Here are some tips to help you look awesome, dressed-up, and season appropriate all at the same time. (I also put a bunch in the Butch Store).
Check out the Butch Store for a bunch more great ties. There's linen, cotton, orange madras, and plenty more. Have another summer fashion questions? Just drop me a line.
In the past 24 hours, I have received some emails, comments, and Facebook messages alerting me that my boots post didn't mention Dr. Martens. (There are, of course, Docs in the Butch Store, and I'll add more tonight.)
I've been less of a Docs fan since they moved production from the UK to China, but still, they are undeniably and iconically butch. So I thought I'd add a little follow-up list of my favorite Docs styles and colors. Enjoy!
...So what are your favorite Docs?
Everyone knows that butches love boots. It's one of those iconic accouterments that make us feel kickass. So today, I'm giving you a quick guide to casual boots (e.g., boots that can be worn with jeans, khakis, Kuhls... basically anything besides dress pants).
There are several types of casual boots. I'll list some, and then you should check out my favorite picks from my new casual boots section in the Butch Store. My choices were mostly about style, but in part about size, since I know that many butches have trouble finding men's styles in small sizes. (If that's a problem for you, you might also check out this site.)
Frye Dakota Boot
It's been a long time since work boots were just used for work. Work boots look great with jeans, and can even be worn to most non-physical-labor workplaces on casual days. Many come with steel toes, which are super cool, but not really necessary (and actually pretty heavy) unless you work in construction or in a machine shop or something. I especially like Frye Dakotas (pictured), but there are tons of great work boot options from many other brands, including Caterpillar, Thorogood (often made in the USA), and Wolverine.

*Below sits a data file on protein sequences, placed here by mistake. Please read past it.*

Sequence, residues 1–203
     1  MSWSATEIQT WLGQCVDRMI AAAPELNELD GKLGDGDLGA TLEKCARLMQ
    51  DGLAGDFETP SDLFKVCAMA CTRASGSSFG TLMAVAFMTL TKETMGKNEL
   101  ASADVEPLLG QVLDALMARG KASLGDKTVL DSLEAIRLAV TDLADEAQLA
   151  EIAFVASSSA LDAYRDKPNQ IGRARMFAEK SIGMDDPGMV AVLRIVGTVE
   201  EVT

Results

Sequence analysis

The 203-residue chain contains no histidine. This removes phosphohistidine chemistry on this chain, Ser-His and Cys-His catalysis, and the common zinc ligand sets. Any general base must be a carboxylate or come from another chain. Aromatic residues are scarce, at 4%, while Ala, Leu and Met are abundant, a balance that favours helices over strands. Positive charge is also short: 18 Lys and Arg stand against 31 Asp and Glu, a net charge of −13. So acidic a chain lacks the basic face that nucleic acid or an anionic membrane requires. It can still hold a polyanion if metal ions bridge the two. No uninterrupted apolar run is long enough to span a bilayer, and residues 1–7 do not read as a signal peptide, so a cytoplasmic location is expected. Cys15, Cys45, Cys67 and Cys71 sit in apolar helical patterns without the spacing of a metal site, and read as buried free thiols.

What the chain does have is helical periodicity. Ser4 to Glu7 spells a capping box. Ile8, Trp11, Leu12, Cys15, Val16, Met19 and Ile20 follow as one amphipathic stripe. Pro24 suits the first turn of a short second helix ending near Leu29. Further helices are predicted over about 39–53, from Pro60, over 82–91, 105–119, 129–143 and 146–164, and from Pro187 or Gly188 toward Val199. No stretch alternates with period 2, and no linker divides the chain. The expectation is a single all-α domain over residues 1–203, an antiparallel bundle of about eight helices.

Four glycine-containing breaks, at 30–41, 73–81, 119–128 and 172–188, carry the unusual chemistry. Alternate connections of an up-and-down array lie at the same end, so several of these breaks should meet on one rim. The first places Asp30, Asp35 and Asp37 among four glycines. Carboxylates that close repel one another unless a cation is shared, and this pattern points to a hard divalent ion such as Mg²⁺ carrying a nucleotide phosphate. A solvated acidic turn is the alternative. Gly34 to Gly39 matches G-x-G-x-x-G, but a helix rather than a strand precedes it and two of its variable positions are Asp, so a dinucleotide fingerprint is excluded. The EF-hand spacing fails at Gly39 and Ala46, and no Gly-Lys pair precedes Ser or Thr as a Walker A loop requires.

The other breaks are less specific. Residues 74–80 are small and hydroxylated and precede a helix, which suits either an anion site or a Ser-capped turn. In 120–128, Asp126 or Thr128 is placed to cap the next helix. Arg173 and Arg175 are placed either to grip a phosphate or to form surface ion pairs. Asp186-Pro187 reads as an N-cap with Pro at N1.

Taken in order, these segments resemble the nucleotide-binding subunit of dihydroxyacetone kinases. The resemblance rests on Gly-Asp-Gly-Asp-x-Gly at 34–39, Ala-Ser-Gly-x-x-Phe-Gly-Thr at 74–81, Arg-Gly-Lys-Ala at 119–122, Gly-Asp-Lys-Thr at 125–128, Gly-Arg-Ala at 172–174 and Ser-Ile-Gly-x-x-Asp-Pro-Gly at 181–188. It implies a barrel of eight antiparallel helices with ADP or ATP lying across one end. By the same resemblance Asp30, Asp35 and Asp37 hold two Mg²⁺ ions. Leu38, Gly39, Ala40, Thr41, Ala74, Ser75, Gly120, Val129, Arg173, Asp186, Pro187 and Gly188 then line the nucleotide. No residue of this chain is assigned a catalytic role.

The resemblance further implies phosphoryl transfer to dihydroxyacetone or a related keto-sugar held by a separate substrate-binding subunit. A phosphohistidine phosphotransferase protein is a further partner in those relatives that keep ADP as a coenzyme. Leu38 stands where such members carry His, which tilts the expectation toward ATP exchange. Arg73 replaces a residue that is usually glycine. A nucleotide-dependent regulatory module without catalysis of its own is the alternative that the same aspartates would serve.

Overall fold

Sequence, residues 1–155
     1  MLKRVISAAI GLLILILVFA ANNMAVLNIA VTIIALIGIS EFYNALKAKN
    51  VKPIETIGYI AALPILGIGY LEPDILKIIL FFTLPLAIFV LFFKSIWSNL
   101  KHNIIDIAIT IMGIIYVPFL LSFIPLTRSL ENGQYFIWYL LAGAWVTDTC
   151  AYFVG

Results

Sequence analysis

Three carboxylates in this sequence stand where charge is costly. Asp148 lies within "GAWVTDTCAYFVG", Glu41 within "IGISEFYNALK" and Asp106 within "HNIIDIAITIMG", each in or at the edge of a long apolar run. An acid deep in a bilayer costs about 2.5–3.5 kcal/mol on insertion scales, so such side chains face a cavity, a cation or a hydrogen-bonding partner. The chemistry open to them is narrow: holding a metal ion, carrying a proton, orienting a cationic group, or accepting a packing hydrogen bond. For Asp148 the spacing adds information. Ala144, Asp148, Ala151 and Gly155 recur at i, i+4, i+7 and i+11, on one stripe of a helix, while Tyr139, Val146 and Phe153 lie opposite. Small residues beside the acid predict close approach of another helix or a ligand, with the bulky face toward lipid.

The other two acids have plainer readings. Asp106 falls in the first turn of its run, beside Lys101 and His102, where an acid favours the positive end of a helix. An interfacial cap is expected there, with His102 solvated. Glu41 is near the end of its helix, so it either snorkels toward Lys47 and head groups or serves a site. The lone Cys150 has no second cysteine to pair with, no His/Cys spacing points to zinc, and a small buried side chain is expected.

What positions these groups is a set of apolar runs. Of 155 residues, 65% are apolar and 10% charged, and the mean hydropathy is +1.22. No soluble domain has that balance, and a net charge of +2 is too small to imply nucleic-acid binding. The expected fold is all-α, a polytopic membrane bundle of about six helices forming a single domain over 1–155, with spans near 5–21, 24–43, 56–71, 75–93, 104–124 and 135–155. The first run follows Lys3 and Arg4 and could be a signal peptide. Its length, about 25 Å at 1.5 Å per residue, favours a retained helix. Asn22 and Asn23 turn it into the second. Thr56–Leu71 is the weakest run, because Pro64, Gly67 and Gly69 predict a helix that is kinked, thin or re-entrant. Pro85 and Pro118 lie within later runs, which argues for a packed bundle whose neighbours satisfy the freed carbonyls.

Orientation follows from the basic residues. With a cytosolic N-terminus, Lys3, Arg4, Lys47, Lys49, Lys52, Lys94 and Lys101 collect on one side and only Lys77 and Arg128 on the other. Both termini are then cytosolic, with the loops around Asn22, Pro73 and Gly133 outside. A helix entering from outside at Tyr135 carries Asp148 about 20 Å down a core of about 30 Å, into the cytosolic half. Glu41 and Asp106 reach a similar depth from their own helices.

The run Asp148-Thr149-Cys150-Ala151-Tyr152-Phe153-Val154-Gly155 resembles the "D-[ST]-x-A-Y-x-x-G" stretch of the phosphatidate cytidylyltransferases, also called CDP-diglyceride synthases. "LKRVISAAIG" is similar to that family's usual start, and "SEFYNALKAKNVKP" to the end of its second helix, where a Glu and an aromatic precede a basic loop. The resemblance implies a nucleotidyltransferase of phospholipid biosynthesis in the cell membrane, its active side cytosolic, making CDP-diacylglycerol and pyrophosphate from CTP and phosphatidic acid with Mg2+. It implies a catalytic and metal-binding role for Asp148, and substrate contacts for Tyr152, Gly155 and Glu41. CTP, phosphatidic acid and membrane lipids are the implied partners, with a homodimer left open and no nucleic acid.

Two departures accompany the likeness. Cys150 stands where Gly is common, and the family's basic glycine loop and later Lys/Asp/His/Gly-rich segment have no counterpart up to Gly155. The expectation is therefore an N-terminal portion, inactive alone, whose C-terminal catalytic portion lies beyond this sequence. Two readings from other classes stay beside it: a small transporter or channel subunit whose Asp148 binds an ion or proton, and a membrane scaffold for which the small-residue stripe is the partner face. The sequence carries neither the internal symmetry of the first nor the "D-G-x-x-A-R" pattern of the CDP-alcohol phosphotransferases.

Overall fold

I'm going to lump Australian work boots in with Chelseas, since they look so similar. The basic point is that they fit like a glove and are easy to pull on and off because of the elastic sides. For the quality, it's hard to beat these Blundstones (pictured)--but if you want something dressier, get a pair that looks more like these (the big differences are the polish/shininess and what the sole looks like viewed from the side). Fun fact: according to Wikipedia (which is never wrong), the Stormtroopers' boots in Star Wars were plain ol' black Chelsea boots, painted white.
To Boot New York Crosby
I used to hate chukkas, but I have to admit that they've grown on me. They're stylish, come in great colors, and work in all seasons. Chukkas are ankle-height (the equivalent of mid-tops in tennis shoe terms) and usually have just 2-3 eyelets. I like this To Boot New York pair (pictured, also comes in a dark chocolate brown), and Timberland and Johnston & Murphy make nice ones, too, including these and these.
I don't usually think of engineers and motorcyclists as heavily overlapping categories, but boot names are the exception. Made of heavy leather, these are usually taller than average boots and have a strap at the ankle and/or the calf for adjusting the fit. Unsurprisingly, Harley-Davidson has some cool styles.
BED: STU Culture Boots
This is a catch-all category that basically encompasses boots that look cool and don't serve a specific purpose or fall into a specific style (neither the ones I've listed here, nor hiking, Western, etc.). Many of them have features that emphasize form over function--for example, white soles instead of tan or
Wolverine 1883 Mayall DGs
brown or black rubber ones. There are bunches of great-looking ones to suit every butch's personality, including these "Culture Boots" (eh?) by BED:STU (the blue ones, pictured above), and these Wolverine 1883 Mayall DGs (pictured right).